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By Dr. Frank B. Wyatt


BE FITNESS │ SPORTS


What is not hard to ignore is the fact that a specific genetic make-up is behind success in any venue. You will not see a short, rotund individual in the NBA (National Basketball Association) nor will you find a 1.95 m tall person weighing in at a solid 148 kg winning an Olympic Marathon. In addition to the regional offerings, one must look at the socio- economic factor as well.


Does regional exposure to specific sports change the human genome to facilitate success in those sports?


I will never forget when I first moved to Colorado and watching some young boys playing catch. Their throwing mechanics were all wrong. Throwing mechanics are complicated and if not learned early, may never be established. It is at a certain developmental age that if the mechanics are not there, they may never be there. Subsequently while there is a professional baseball team in Colorado (Rockies), many of the colleges do not compete in collegiate baseball. What they do well in Colorado is ski. Children are exposed early to this winter sport and as noted during international competitions, many of the hometowns of the elite skiers in the US are in Colorado. One must ask, does regional exposure to specific sports change the human genome to facilitate success in those sports?


To answer the above question, one would need to go back several generations to determine if genetic alterations to those sports was recorded in the history of a peoples in a specific region. One now famous study involving a Native South American genome involved two groups from the same gene pool. One group, still in South America maintained their “hunter-gatherer” status in the wilderness while the other group migrated to the United States and became financially successful in the casino business. This occurred over several generations. However, the differences were astounding in that the hunter-gatherers were extremely healthy and fit while their US counterparts were measured as one of the most obese groups within the US. This may not reflect a genotype change but possibly a phenotype alteration brought on by obvious environmental conditions (i.e., money, fatty foods, sedentary lifestyle).


Would generations of families living at altitude, utilizing walking and running as a primary means of transportation, along with a moderate food source be a mechanism behind the genetic make-up of the Kenyan runners that are so successful in long distance running events? I personally think it would be hard to ignore.


In the aforementioned example of US skiers, it is not hard to recognize that ski resort towns are expensive places to live. Add to that the fact that skiing in general is an expensive sport. Logically one can easily see that those involved in skiing on a regular basis come from affluent families. Because I am also involved in cycling, I realize that this is another sport that involves a fair amount of finances to do on a competitive level. Bicycles today are extremely expensive and when you add expensive clothing, maintenance, travel cost and race registration fees it all adds up to an expensive sport.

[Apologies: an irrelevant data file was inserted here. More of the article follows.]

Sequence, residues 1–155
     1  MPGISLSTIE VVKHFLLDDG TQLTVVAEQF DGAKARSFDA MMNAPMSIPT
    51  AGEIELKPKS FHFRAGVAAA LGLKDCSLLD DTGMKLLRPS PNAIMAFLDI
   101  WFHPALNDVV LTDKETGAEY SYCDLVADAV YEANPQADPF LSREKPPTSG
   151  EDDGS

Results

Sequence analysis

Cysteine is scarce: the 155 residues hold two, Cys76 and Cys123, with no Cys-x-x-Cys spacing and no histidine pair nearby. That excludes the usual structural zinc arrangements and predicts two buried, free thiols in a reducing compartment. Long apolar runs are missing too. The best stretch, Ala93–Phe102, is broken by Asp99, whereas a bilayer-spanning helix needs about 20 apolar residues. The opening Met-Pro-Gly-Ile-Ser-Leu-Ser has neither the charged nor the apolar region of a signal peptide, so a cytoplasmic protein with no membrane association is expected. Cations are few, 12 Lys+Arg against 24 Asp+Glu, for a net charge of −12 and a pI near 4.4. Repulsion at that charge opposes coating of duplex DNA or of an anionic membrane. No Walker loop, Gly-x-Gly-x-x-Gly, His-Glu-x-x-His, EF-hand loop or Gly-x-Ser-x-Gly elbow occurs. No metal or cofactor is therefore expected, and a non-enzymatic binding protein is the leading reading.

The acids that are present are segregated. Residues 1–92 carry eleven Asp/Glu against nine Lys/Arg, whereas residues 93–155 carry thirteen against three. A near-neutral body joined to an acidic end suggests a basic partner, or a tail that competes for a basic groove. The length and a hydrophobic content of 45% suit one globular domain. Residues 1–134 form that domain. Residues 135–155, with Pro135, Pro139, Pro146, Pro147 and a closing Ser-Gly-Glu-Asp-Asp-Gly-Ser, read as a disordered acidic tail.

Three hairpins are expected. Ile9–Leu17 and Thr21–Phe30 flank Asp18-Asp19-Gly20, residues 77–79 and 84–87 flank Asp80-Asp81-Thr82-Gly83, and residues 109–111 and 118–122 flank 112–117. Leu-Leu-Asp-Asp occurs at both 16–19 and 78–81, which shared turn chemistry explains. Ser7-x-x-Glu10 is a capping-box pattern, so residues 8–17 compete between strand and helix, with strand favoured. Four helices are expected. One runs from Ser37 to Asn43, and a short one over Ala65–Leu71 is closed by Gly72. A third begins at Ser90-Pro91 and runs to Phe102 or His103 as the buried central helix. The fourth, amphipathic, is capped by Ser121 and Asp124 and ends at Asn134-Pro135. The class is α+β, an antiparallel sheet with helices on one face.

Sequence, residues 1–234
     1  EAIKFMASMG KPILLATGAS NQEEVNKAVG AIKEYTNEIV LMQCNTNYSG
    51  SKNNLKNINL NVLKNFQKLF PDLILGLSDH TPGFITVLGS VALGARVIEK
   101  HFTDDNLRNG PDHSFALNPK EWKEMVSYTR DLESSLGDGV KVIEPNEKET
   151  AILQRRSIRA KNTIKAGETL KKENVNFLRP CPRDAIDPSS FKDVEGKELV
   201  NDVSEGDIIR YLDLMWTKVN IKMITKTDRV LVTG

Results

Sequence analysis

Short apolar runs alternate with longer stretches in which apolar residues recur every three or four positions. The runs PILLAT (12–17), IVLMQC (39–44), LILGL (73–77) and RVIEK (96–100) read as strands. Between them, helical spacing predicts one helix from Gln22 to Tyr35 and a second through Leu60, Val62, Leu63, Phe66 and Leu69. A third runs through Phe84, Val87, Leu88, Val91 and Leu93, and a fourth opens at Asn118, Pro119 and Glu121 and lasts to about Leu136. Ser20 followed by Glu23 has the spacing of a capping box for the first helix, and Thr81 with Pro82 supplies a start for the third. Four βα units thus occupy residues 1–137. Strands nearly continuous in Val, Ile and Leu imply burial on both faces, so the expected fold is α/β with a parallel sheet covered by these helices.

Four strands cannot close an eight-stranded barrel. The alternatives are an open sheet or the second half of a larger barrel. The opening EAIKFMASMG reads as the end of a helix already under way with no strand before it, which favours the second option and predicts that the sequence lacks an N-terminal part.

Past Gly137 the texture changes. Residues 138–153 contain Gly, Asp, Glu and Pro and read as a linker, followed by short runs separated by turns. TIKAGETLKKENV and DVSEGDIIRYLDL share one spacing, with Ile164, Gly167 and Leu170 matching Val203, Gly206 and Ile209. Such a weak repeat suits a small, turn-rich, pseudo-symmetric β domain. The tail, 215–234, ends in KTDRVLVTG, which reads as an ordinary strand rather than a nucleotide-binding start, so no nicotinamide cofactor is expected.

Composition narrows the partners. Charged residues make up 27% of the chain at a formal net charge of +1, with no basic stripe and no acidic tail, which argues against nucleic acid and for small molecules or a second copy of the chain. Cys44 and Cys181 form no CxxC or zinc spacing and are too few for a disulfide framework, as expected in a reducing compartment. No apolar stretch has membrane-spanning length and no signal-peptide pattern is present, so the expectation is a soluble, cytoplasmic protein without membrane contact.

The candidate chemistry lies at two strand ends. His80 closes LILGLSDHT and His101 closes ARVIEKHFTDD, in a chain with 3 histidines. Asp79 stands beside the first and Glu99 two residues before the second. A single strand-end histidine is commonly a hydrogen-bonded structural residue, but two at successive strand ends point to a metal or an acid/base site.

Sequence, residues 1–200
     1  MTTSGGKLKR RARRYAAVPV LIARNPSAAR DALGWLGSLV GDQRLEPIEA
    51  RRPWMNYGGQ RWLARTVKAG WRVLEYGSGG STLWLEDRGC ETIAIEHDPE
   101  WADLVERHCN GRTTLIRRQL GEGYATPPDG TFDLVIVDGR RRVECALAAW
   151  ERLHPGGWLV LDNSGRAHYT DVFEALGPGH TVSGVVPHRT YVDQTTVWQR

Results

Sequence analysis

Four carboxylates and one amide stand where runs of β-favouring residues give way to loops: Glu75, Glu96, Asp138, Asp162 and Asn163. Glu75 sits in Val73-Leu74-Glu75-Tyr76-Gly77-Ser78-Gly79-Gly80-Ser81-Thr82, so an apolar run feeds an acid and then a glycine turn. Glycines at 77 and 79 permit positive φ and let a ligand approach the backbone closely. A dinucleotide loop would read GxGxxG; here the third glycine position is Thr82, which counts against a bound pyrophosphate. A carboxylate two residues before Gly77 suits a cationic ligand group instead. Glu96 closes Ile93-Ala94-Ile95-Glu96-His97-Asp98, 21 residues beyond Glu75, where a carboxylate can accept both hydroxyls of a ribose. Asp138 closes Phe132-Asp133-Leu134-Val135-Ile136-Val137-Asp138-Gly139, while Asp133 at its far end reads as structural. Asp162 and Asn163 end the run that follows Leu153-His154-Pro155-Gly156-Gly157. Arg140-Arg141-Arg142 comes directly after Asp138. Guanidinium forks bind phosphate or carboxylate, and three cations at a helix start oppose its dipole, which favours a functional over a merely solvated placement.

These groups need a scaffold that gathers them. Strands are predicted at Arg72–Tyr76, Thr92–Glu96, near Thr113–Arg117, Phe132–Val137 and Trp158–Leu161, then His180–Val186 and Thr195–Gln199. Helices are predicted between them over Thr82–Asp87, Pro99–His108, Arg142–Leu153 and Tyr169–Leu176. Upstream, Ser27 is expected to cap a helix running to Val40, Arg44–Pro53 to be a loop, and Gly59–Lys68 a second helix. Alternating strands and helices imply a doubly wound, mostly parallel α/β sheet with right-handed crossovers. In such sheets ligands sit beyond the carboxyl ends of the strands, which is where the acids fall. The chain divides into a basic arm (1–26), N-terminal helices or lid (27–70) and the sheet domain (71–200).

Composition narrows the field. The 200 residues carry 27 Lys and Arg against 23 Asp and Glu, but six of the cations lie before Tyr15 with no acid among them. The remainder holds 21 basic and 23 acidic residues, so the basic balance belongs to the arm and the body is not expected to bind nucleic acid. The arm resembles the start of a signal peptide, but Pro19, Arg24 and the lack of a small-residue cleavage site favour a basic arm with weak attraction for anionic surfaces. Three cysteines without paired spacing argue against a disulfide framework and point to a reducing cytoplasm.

Many of the sports offered in the US are done so through the school system or local township. These include the basic three I mention above (i.e., football, basketball, baseball) as well as school offerings of soccer, cross-country running, track and field, women’s volleyball, swimming, etc. Because of the public offering of these sports to students and youth, the cost is minimal to the families. When cost is reduced, there is a good chance that kids will be exposed to these sports early on. Early exposure is a primary criteria for continued development in that sport and the rise to the level of elite status. The level of influence based on region, socio-economic considerations, genetic components and the overall will of the individual to succeed is not just hard to ignore, but almost impossible to quantify.


To summarize: regional influences over human genetic alterations are a consideration of indigenous people over centuries of habitation and adaptation to that region. Modern man/woman are allowed a considerably larger degree of travel and are thus influenced to a greater degree by regional differences. The greater influence today comes from the social differences seen within regions as well as the economic considerations of exposure to specific sporting venues. Our elite athletes today carry with them the genetics of their ancestors, but are also greatly influenced by the region of their up-bringing. What we as a society must address is not the elite level athlete and the nature vs. nurture question, but rather what ancestral factors will allow each one of us to succeed in a sporting venue choice that facilitates success. When we (all of us) answer that question, the level of activity among the masses will increase exponentially. And that, is a way to “nurture” the health and well-being of all.


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